Thursday, October 25, 2007

Paperstand (MCK, ITW)

The WSJ's "Heard on the Street" column highlights McKesson (MCK), saying that rough comparisons with last year suggest that earnings are unlikely to impress Wall St during the rest of this year. But some smart investors say the best time to scoop up shares of a co like McKesson is when they are ignored, and before a profit pickup is at hand. These investors, including some top hedge funds and private-equity firms, say McKesson, might even be a takeover candidate if the merger game heats up again. At a recent charity event in NY, during which a group of prominent hedge-fund and private-equity players shared their best investments picks, McKesson was the only stock for which the honchos shared an affection. Larry Robbins, of Glenview Capital, argued that Street's profit expectations are too low and that McKesson has so little debt it could borrow money to boost its current share-buyback program. The co is one of Glenview's largest holdings. Some say an activist might tgt McKesson, attracted by the meager debt levels, potentially sending shares higher. At the same event Rick Schnall, of Clayton, Dubilier & Rice, said McKesson has one of the best mgmts in the health-care business. He said "many private-equity firms would love to figure out a way" to buy it, though he said it is unlikely that such big deals will take place until difficulties in the credit mkts pass.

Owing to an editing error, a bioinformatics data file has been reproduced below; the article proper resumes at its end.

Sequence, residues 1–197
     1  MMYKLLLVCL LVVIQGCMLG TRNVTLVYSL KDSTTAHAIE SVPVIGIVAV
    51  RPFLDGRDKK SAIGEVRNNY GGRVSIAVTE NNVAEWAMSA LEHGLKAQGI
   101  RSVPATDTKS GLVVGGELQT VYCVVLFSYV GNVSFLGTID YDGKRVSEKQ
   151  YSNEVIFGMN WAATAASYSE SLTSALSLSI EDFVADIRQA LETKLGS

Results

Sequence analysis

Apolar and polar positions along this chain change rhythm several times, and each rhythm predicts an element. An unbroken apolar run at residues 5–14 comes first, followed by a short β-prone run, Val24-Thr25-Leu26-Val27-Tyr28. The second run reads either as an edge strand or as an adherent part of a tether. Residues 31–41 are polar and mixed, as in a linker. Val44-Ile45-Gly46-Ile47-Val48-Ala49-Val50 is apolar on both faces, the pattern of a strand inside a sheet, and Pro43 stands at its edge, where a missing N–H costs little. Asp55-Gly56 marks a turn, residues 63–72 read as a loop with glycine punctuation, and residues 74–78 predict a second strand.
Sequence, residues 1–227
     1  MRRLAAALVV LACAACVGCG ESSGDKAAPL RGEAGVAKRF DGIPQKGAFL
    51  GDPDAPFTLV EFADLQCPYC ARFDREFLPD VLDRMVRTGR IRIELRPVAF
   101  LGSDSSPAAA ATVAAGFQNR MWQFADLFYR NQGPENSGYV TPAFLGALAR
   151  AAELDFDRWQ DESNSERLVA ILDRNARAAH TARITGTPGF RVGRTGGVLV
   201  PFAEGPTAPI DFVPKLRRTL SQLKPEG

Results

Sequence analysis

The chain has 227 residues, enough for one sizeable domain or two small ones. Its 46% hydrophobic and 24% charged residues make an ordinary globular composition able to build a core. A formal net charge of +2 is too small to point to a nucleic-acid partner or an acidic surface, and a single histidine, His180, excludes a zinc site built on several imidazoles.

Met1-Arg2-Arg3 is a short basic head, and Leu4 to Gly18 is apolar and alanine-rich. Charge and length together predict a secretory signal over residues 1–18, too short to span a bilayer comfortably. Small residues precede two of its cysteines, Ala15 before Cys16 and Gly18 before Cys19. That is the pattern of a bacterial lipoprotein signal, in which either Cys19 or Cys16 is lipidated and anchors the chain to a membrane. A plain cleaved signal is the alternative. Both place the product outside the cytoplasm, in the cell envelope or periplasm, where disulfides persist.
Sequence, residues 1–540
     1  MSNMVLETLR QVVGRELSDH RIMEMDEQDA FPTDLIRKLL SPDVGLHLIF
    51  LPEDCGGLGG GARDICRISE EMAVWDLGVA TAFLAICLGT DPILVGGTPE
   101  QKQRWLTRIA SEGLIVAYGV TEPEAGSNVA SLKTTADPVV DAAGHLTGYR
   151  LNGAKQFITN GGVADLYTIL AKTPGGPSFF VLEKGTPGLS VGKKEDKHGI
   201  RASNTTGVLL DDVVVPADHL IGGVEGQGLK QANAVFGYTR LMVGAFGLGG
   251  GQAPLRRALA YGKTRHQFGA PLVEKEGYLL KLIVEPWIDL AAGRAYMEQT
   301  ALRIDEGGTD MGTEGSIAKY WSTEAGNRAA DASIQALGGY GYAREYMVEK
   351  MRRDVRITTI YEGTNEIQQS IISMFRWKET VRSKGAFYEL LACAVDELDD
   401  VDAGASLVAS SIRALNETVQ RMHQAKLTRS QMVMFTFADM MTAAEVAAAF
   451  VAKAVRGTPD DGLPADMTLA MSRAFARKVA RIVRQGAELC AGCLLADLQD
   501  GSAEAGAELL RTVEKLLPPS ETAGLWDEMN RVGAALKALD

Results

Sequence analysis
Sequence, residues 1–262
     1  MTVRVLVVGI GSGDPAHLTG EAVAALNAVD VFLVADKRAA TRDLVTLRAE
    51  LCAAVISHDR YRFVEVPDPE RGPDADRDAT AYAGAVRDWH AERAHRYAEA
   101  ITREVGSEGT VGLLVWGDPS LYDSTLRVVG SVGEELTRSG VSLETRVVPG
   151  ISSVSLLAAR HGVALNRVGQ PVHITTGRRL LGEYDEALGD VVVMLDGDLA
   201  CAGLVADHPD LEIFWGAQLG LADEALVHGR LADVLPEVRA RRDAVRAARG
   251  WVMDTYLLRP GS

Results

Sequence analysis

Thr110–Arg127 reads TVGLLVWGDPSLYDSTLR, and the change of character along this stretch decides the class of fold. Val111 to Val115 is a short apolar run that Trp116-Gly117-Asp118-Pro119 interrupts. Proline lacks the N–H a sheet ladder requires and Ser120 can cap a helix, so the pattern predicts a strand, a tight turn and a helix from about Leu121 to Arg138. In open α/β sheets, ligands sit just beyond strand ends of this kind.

According to the WSJ, the UAW appear to be on the verge of ratifying a tentative labor contract with Chrysler after workers at 4 plants near Detroit voted in favor of the deal Wed night. All 4 passed the contract by significant margins, tipping the total vote toward approval with only one major UAW-represented facility yet to vote. The contract must be approved by a majority of the 45K UAW workers employed by Chrysler. It has encountered stronger-than-expected opposition, with workers at several plants rejecting the deal. The total vote count now shows roughly 55% of those who have cast ballots voted to accept the contract. The total includes results from 26 of 27 union locals that represent Chrysler workers.

Barron's Online "Insode Scoop" section reports that with shares of Illinois Tool Works (ITW) flying high, two insiders have sold $11m in stock. On Fri director Harold Smith sold 130K shares for $7.3m. On Thu director Robert McCormack sold 62K shares for $3.7m. "The co has done well, and [it's common to see] insiders taking profit," says Jonathan Moreland, advisor to Ladenburg Thalmann Asset Mgmt. "While they are the heaviest sellers, they are also [some of the] heaviest holders," says Moreland, who thinks that it is a positive for the stock that the amount Smith and McCormack are selling is small, "compared to what they are willing to hold long term."

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